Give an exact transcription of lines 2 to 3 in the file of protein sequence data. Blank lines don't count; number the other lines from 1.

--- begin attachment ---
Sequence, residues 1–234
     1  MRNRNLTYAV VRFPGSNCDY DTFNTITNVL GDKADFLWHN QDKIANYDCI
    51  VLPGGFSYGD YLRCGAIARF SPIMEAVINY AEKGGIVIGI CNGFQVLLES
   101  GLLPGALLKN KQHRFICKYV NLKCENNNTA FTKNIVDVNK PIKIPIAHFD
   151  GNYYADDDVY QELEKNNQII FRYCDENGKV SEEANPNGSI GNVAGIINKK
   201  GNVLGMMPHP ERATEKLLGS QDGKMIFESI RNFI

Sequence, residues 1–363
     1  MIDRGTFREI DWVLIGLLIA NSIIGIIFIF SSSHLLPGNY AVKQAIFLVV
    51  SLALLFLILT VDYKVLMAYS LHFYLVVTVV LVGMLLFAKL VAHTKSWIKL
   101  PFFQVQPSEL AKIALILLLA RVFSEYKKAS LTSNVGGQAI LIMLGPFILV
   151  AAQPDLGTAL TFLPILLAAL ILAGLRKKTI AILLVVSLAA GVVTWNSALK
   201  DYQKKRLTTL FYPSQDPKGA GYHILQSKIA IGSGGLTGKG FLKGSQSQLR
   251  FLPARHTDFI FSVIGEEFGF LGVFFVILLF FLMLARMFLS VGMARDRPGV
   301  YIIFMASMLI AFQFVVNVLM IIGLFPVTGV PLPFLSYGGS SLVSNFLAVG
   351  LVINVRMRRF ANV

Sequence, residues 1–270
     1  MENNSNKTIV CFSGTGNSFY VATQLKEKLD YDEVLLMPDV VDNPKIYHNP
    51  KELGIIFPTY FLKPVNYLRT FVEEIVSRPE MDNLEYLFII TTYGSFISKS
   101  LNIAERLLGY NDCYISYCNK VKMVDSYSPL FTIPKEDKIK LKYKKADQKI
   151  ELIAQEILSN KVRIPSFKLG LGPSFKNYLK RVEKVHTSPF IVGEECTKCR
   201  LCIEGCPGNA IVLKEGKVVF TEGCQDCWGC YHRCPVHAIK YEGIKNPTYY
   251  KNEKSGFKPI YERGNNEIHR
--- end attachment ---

     1  MRNRNLTYAV VRFPGSNCDY DTFNTITNVL GDKADFLWHN QDKIANYDCI
    51  VLPGGFSYGD YLRCGAIARF SPIMEAVINY AEKGGIVIGI CNGFQVLLES